There is no doubt our tax laws can be complicated. The continued expansion of our tax code, along with its complexity, helps to create a playground for common mistakes. Making one of these mistakes, no matter how small, may result in underpayment, over payment or delays on your refund.
Let’s go over some of the most common mistakes and make sure they do not get missed on this year’s return. Many of them are easy to avoid with a little attention to detail.
Incorrect Name or Social Security Number — If your name and Social Security numbers don’t match, your return will be flag by the IRS and you will be required to correct this error before it can be processed. If you changed your name since last year’s filing you will need to obtain a new social security card. You can do this by going to the SSA’s website at www.ssa.gov and filing out Form SS-5.
Incorrect Filing Status — Choose wisely as these five options could alter your tax bill. Make sure you know what each filing status necessitates and file under the one that fits your tax circumstances.
Claiming Dependents — A dependent is someone in which you provide more than half of their support. Each dependent exemption in 2013 is worth $3,900. Go to IRS.gov and look for IRS Publication 17 for details. Higher earners may find limitations on this exemption due to the alternative minimum tax or new “phaseout” provision.
Itemized deductions — This process can be complicated but please compare taking the standard deduction ($12,200 for joint filers and $6,100 for singles) to itemizing your deductions on Schedule A. This will allow you to figure out which deduction process trims your tax bill most efficiently.
Miscalculations — Double check your math; the IRS checks numerical entries against copies of your tax statements. These miscalculations may result in a correction notice and the IRS correcting your mistake and refiguring your taxes for you.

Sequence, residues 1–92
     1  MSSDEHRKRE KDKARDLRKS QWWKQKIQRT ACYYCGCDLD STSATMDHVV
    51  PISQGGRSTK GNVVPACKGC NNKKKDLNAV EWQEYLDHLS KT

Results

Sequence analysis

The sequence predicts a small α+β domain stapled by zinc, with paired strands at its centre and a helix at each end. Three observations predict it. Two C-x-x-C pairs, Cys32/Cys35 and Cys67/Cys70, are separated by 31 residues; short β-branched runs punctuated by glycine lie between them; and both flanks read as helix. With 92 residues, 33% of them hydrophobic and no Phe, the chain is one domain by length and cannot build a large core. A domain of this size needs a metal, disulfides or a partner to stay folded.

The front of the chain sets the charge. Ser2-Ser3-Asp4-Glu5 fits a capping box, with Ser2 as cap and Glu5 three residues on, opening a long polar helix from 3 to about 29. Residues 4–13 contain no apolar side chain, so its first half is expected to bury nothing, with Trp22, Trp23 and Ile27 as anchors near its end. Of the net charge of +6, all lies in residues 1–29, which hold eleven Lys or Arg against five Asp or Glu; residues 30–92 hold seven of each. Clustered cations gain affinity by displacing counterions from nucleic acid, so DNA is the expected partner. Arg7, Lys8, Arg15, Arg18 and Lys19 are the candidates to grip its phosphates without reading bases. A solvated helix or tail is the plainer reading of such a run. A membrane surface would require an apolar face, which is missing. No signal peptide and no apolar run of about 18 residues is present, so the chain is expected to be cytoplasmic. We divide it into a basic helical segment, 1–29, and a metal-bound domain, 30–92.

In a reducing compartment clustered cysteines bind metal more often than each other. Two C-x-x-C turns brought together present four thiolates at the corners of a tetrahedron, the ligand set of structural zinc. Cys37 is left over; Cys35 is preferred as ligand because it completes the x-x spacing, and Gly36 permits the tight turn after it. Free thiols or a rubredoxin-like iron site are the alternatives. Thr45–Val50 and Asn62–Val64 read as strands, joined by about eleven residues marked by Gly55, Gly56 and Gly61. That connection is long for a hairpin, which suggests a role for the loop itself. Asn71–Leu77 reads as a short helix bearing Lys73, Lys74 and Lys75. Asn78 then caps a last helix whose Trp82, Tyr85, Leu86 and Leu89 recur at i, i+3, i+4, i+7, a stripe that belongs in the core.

Charitable Gifts — Make sure you don’t overstate charitable gifts. Gifts of $250 or more must have a proper letter from the charity. Be sure and subtract the value of any goods or services received from the deduction. For instance, if you purchase a ticket to attend a charity dinner you must subtract the value of the dinner. Gifts of more than $5,000 require a qualified appraisal.
Net-investment-income tax — If you have an adjusted gross income of over $250K married ($200k if single) be sure to include the additional 3.8% tax on net investment income which took effect this year. Failure to pay the tax may result in penalties and interest.
Report of income — You will receive documentation and the IRS will receive a copy. Be sure and check the amounts you include on your return. If the IRS finds discrepancies, they will flag your account.
Direct Deposit — The IRS can direct-deposit refunds, but a wrong account or routing number may make it difficult to retrieve your refund. Please check this number carefully.
Sign and Date — Failure to sign and date your return is equivalent to NOT filing a return. If you are filing close to the deadline, this mistake could cost you penalties and fees. Also, if filing a joint return BOTH spouses must sign.
Deadline — If you plan to file after April 15, be sure to file an extension in order to avoid late or non-filing penalties.
Making a simple mistake can cost you in both monetary rewards and hassle from the IRS. Consider seeking the help of a trained tax professional when your taxes get too complicated. Paying a fee to avoid mistakes may be in your best financial interest.
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